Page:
Following a divorce, parties will often find themselves ‘fighting for custody’ of the child. There are four different types of possible custody orders:
1. Sole Custody
Where a custodial parent is appointed to make major decisions for the child
2. Joint Custody
Where both parents are to make major decisions for the child jointly
3. Hybrid Custody
Where it is a sole custody order but that the custodial parent must consult the non-custodial parent on specific issues
4. Split Custody
Where the custody of the children is split between the two parents. This is rarely granted and if sought for, parents must file affidavits in support of the split, explaining how it would be in the children’s best interest.
Factors taken into consideration when deciding custody
Section 125 of the Women’s Charter states that the welfare of the child is of paramount consideration to the court. The court will consider all relevant circumstances to the case the reach a decision which is for the well-being of the child and in the child’s best interest.
The mere desire of a parent to have custody of his/her child is secondary to the consideration.
While there are no fixed general principles, precedent cases have indicated the following:
- That the courts are concerned about preserving the continuity of care as far as possible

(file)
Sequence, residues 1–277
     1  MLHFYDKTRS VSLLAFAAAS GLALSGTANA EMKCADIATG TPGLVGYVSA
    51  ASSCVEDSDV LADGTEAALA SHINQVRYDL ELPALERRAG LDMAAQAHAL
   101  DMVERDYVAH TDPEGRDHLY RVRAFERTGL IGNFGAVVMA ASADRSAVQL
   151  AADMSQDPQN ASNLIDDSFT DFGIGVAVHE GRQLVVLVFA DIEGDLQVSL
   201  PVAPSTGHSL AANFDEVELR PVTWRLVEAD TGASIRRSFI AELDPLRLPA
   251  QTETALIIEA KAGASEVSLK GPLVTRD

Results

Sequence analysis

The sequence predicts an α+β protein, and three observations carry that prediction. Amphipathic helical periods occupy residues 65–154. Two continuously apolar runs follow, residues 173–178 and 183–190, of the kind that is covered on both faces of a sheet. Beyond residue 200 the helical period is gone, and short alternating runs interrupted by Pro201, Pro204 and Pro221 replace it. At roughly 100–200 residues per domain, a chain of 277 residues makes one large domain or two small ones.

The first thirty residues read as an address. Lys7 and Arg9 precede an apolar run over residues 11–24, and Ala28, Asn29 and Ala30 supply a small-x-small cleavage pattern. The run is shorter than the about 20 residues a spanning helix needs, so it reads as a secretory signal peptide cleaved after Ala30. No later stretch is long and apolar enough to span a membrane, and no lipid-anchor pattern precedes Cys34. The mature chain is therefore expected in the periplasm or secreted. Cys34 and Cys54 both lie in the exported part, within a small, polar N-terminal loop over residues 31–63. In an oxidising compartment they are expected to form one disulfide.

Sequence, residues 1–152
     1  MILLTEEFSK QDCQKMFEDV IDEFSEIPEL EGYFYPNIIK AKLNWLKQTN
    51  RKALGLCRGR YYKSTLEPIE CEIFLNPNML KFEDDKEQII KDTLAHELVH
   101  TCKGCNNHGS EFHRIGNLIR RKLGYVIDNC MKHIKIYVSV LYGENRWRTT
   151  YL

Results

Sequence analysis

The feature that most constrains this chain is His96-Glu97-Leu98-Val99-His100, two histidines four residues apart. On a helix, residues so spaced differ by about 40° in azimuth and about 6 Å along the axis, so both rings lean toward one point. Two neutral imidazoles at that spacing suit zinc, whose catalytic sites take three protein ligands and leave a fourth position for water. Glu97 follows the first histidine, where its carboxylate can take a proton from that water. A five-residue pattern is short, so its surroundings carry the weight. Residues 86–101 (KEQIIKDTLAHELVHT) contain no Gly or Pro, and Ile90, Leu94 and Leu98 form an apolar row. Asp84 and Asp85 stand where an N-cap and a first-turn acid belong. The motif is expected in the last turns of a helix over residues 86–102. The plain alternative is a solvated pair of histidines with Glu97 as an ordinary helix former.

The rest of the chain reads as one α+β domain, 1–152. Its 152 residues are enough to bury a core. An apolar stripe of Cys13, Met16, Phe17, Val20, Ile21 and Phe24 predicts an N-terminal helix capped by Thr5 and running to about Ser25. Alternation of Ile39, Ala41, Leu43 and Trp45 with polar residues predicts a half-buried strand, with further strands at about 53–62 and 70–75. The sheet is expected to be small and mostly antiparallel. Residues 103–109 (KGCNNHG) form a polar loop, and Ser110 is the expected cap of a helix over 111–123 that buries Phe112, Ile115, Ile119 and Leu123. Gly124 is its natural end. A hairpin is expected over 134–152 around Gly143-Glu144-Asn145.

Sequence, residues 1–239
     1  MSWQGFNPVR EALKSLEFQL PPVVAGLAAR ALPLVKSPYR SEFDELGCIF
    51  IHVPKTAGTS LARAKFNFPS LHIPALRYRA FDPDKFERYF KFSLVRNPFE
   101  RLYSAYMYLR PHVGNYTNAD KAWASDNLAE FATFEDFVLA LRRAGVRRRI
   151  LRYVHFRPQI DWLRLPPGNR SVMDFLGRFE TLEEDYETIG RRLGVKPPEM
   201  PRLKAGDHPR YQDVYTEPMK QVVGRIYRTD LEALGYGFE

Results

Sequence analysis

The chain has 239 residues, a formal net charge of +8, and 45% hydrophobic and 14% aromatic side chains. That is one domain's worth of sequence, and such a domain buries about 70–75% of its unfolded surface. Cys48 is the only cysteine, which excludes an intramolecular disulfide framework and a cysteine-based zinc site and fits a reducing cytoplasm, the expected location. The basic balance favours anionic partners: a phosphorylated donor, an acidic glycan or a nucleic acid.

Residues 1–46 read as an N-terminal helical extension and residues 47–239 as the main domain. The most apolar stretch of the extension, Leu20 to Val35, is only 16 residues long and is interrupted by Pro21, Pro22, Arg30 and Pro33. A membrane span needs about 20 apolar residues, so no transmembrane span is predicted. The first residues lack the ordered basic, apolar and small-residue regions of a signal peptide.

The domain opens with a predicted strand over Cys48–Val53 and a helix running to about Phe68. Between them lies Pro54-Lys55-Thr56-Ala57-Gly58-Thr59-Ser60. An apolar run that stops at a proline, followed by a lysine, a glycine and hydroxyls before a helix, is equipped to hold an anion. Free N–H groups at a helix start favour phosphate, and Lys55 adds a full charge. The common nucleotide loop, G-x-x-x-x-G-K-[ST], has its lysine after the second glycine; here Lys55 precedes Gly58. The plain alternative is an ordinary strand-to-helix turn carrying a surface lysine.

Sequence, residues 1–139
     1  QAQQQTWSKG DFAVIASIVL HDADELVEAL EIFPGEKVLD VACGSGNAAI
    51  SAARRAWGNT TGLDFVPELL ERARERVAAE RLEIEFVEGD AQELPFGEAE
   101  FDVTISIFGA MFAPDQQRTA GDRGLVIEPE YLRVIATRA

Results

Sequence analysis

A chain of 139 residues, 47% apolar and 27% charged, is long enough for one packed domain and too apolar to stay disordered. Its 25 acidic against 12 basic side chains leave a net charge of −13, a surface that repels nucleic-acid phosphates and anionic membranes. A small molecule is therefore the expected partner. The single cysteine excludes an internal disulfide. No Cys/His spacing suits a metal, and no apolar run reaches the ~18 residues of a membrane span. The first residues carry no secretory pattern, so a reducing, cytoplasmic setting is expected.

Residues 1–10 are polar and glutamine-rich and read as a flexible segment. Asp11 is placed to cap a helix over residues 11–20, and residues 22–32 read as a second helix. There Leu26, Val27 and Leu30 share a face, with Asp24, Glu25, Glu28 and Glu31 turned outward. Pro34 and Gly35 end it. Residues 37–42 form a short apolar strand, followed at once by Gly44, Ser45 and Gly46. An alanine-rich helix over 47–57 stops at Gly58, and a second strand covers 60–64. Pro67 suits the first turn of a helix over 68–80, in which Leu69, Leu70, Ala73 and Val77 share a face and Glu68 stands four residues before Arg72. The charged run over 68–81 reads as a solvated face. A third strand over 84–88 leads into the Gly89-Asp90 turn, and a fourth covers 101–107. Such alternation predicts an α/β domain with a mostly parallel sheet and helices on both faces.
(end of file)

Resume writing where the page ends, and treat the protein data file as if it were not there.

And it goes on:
- The courts will try to identify the child’s primary caregiver during the marriage and has a tendency to place the child in the care of his primary caregiver
- For younger children, all things being equal, custody will normally be granted to the mother
- The courts will consider the wishes of a child if he/she is able to express an opinion
- The court chooses a parent who demonstrates more concern for the child
- Siblings are generally not separated
Care and Control
If a parent has custody of a child, the child will reside with the parent and be under his/her care, control and supervision. This parent will make all decisions relating to education and health.
The other parent will have access rights to the child. The courts will specify that the other parent have reasonable access to the child and the amount of access time will be determined by the parties.
Should the parties be unable to come to an agreement, the courts will make an order which it feels is in the best interest of the child. The order which is in the child’s best interest may not be one which is fair to both parents.
For more information contact Singapore divorce or family lawyer Raphael Louis (Ray) or visit his website.